In “Drunken Widow’s Waltz,” Renée Reed memorializes her grandparents in Cajun French. Crunchy and evoking a toy box accordion, the song also investigates her own desire: to live a simple life like theirs.
“I was very close to my grandparents, and when they passed away it was a big realization to me about how special they were — as musicians and as native French speakers, and just who they were as people,” Reed, who grew up in Lafayette, Louisiana, said. “Their spirit kind of lives on within some of the songs.”
Imbued with her Cajun roots and inspired by not only the Creole musicians she grew up around, but also British folk — “The Beatles and Kate Bush are my gods that I worship,” she said — Renée Reed’s self-titled debut is hazy and ponderous; it serves both as a tribute to her ancestry and an exploration of her own identity.
Reed wrote the songs over a period of three years, the first when she was just finishing high school. After briefly performing in a band (which is how she met her now-label, Keeled Scales), Reed had a few songs on hand; she decided, just before the onset of COVID, to record them on a TasCam 4-track recorder “to see what they would sound like.”
The resulting 12 tracks are gauzy and warm, alluring and mysterious: crystallized orange. Some focus on insecurities and relationships, while others pine for an idyllic future. Perhaps the album is best summarized by “Où est la fée,” — which translates to “Where is the fairy?” — a slow, dreamy narrative where Reed confronts past, present and the fantastic all at once.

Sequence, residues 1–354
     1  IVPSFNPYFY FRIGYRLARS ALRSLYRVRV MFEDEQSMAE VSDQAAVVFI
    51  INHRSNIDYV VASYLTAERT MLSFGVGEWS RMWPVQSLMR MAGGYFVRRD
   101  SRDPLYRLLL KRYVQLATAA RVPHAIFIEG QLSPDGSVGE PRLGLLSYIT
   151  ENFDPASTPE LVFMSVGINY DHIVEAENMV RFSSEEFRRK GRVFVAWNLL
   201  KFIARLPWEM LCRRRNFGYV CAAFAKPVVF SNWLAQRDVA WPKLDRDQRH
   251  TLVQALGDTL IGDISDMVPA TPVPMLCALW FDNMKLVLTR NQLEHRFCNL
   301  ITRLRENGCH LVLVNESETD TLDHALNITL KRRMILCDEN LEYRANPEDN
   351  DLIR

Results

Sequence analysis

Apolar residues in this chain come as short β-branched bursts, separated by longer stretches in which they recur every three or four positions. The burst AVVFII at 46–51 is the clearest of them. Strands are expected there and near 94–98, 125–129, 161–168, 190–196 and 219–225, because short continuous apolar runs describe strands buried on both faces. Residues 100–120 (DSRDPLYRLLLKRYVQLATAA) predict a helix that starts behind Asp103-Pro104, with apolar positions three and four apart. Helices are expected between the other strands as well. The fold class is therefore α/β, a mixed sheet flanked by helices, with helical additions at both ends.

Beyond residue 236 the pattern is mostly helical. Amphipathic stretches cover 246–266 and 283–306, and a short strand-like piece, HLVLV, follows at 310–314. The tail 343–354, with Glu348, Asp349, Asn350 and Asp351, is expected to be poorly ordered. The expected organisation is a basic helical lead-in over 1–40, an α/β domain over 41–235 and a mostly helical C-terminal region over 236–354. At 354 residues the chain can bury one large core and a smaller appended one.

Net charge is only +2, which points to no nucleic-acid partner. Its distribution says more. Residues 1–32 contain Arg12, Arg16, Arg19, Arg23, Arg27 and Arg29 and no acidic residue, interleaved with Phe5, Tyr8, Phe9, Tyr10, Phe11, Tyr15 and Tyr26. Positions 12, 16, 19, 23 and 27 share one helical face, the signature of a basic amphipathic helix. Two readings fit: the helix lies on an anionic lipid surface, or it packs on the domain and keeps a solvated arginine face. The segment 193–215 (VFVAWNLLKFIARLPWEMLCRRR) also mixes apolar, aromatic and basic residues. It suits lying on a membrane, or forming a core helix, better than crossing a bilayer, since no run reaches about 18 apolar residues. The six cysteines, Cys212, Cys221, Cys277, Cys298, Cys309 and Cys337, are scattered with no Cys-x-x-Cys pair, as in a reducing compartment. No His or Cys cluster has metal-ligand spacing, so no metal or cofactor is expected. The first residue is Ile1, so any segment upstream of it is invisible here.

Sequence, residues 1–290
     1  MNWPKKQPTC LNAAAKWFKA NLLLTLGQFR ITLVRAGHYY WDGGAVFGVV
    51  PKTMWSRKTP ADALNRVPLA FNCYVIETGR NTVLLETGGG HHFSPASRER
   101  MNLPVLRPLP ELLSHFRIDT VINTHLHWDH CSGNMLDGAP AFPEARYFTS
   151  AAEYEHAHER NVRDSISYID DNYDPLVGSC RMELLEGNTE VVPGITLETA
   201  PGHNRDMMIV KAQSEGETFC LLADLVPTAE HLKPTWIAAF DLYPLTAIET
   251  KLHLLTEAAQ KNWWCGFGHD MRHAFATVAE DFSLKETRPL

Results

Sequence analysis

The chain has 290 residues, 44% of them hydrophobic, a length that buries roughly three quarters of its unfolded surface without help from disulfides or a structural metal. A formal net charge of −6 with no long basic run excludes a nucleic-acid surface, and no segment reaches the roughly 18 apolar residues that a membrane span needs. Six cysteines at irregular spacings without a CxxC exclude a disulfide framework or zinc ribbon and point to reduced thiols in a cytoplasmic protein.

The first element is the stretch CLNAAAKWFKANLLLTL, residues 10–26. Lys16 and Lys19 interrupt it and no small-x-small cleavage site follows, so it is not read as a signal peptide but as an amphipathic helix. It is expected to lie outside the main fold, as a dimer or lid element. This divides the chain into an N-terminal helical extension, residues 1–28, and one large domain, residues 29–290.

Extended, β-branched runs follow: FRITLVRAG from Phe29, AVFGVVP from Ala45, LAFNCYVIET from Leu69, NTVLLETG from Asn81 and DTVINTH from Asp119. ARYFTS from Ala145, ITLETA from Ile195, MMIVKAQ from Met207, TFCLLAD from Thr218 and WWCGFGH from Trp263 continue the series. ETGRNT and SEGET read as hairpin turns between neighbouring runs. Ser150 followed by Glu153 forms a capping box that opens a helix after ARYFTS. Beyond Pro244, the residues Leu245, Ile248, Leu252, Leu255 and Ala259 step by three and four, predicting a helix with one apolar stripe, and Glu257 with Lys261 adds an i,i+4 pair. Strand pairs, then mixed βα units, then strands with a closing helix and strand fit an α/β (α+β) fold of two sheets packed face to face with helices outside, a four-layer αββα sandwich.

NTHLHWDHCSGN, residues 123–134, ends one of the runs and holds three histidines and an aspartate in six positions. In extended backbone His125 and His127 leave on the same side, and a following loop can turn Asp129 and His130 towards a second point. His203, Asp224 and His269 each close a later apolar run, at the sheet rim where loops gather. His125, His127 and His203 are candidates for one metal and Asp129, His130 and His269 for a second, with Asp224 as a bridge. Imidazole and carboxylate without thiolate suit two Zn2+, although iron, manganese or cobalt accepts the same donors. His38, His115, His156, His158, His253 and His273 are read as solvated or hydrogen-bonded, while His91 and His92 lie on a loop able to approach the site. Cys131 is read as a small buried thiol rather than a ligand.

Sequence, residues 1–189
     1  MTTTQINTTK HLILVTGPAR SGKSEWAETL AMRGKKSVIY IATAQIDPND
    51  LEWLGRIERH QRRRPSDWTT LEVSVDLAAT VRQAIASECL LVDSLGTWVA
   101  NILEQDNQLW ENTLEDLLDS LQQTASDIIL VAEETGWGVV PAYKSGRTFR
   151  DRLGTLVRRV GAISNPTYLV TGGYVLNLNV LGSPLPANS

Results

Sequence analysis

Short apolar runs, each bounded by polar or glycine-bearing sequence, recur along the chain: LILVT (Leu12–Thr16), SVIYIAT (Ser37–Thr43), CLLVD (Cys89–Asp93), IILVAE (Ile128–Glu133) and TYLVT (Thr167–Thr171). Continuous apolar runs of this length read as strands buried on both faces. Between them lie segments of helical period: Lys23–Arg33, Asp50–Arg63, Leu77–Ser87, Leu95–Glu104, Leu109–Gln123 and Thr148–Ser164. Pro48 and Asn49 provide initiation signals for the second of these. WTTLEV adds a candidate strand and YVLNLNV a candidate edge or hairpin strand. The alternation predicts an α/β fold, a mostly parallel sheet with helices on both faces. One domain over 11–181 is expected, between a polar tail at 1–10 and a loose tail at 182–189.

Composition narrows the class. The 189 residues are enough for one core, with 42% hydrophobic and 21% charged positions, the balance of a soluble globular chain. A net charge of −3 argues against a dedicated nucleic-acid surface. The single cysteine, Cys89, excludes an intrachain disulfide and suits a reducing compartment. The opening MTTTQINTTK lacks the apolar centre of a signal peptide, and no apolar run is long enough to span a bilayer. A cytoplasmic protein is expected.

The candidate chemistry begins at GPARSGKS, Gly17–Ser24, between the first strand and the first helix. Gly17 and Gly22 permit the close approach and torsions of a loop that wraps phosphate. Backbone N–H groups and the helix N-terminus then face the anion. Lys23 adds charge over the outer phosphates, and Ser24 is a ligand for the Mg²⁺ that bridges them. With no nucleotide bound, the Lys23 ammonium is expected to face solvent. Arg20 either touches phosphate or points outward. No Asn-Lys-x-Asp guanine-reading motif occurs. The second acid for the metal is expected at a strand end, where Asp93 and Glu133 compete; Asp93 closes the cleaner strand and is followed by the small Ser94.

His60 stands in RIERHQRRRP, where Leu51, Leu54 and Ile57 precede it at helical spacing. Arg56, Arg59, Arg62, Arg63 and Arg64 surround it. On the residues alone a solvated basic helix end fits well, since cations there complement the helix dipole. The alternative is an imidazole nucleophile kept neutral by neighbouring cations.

“I find that there’s a pattern in my writing to talk about a lot of psychological stuff concerning family and culture, especially growing up here, and a lot of escapism themes … [as well as] some sort of emotional release with feelings of revenge,” Reed said. (We spent a fair bit of the interview talking about how we’re both Scorpios who love revenge, as astrology references appear throughout the album.)
But even as Reed wrestles with anger and jealousy, there’s always a throughline of hope and possibility. “Fast One” rails against bad friends with the caveat that “I leave things open to change and growth, and that maybe one day we’ll all smoke together and things will be cool.” “I Saw A Ghost” emphasizes learning about herself as a result of pain and disappointment.
Regardless, she’s still hard on herself: “Little Flower Dance” mulls on passivity in the face of her dreams, and “Until Tomorrow” finds her holding herself back from success. In fact, much of the album entails Reed exploring her own bad habits, from possessiveness to fear and doubt, harnessing her utterly unique blend of genre influences in the process.
“In releasing this record, I had to figure out what to say about what these songs are about. It’s very new for me to talk about those things because I write very intuitively and it’s almost subconscious,” Reed said. “But after we recorded every song, I could really listen to it and see: Oh, this is about this thing that happened in my life.”
Two songs on the album are performed in French: one, standard French, which she currently studies in college, and the other, her grandparents’ Cajun French. “Writing in French is a little less intuitive than writing in English, but I feel like the more I do it, the more intuitive it becomes,” Reed said. “If I’m focused on writing in a Cajun dialect of French, it becomes way more intuitive for some reason.”
In the meandering daydream “If Only We Could,” Reed sings: “For our bones, they belong to the country / and marigolds, we will hold in our hands / and we won’t know what they don’t understand.”
Not all factors of our ancestry — familial or global — are explicit. But in her ceaseless exploration, Reed honors what she can’t yet know.